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Consolatory Letter To His Wife
by [?]

Sec. I. Plutarch to his wife sends greeting. The messenger that you sent to me to announce the death of our little girl seems to have missed his way en route for Athens; but when I got to Tanagra I heard the news from my niece. I suppose the funeral has already taken place, and I hope everything went off so as to give you least sorrow both now and hereafter. But if you left undone anything you wished to do, waiting for my opinion, and thinking your grief would then be lighter, be it without ceremoniousness or superstition, both which things are indeed foreign to your character.

Sec. II. Only, my dear wife, let us both be patient at this calamity. I know and can see very clearly how great it is, but should I find your grief too excessive, it would trouble me even more than the event itself. And yet I have not a heart hard as heart of oak or flintstone, as you yourself know very well, who have shared with me in the bringing up of so many children, as they have all been educated at home by ourselves. And this one I know was more especially beloved by you, as she was the first daughter after four sons, when you longed for a daughter, and so I gave her your name.[191] And as you are very fond of children your grief must have a peculiar bitterness when you call to mind her pure and simple gaiety, which was without a tincture of passion or querulousness. For she had from nature a wonderful contentedness of mind and meekness, and her affectionateness and winning ways not only pleased one but also afforded a means of observing her kindliness of heart, for she used to bid her nurse[192] give the teat not only to other children but even to her favourite playthings, and so invited them as it were to her table in kindliness of heart, and gave them a share of her good things, and provided the best entertainment for those that pleased her.

Sec. III. But I see no reason, my dear wife, why these and similar traits in her character, that gave us delight in her lifetime, should now, when recalled to the memory, grieve and trouble us. Though, on the other hand, I fear that if we cease to grieve we may also cease to remember her, like Clymene, who says in the Play[193]–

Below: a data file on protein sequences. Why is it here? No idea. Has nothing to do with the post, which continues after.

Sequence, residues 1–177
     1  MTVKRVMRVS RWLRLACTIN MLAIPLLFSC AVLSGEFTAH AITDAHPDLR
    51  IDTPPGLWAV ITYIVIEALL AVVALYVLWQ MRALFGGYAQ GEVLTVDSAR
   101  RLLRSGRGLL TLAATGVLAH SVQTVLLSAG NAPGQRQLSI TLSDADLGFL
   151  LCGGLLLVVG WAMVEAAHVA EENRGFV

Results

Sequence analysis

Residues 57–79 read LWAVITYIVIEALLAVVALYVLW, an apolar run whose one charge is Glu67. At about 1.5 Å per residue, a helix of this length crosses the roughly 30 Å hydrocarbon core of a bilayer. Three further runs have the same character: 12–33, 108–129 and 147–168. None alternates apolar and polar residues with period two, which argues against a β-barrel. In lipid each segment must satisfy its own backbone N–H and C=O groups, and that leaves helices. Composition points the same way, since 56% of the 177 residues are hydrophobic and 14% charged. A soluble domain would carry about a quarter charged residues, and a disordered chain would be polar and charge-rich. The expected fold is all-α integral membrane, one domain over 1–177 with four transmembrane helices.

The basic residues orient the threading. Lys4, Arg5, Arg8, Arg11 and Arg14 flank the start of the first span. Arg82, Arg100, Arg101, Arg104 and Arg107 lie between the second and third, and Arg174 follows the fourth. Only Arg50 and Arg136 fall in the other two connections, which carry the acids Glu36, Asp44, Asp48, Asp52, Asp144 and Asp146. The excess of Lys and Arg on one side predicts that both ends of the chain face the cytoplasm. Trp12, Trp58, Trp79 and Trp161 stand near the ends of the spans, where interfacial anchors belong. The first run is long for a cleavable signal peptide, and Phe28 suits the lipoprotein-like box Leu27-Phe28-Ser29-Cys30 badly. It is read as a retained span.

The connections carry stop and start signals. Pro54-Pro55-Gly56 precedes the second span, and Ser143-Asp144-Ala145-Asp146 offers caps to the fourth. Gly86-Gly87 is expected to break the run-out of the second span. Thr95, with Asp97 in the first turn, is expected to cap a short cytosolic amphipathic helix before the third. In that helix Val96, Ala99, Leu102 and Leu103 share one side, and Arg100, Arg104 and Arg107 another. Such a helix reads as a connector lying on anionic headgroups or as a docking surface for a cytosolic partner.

“I hate the supple bow of cornel-wood,
And would put down athletics,”

because she ever avoided and trembled at anything that reminded her of her son, for it brought grief with it, and it is natural to avoid everything that gives us pain. But as she gave us the greatest pleasure in embracing her and even in seeing and hearing her, so ought her memory living and dwelling with us to give us more, aye, many times more, joy than grief, since those arguments that we have often used to others ought to be profitable to us in the present conjuncture, nor should we sit down and rail against fortune, opposing to those joys many more griefs.

Sec. IV. Those who were present at the funeral tell me with evident surprise that you put on no mourning, and that you bedizened up neither yourself nor your maids with the trappings of woe, and that there was no ostentatious expenditure of money at the funeral, but that everything was done orderly and silently in the presence of our relations. I am not myself surprised that you, who never made a display either at the theatre or on any other public occasion, and thought extravagance useless even in the case of pleasure, should have been frugal in your grief. For not only ought the chaste woman to remain uncorrupt in Bacchanalian revels,[194] but she ought to consider her self-control not a whit less necessary in the surges of sorrow and emotion of grief, contending not (as most people think) against natural affection, but against the extravagant wishes of the soul. For we are indulgent to natural affection in the regret, and honour, and memory that it pays to the dead: but the insatiable desire for a passionate display of funeral grief, coming to the climax in coronachs and beatings of the breast, is not less unseemly than intemperance in pleasure and is unreasonably[195] forgiven only because pain and grief instead of delight are elements in the unseemly exhibition. For what is more unreasonable than to curtail excessive laughter or any other demonstration of joy, and to allow a free vent to copious lamentation and wailing that come from the same source? And how unreasonable is it, as some husbands do, to quarrel with their wives about perfume and purple robes, while they allow them to shear their heads in mourning, and to dress in black, and to sit in idle grief, and to lie down in weariness! And what is worst of all, how unreasonable is it for husbands to interfere if their wives chastise the domestics and maids immoderately or without sufficient cause, yet allow them to ill-treat themselves cruelly in cases and conjunctures that require repose and kindness!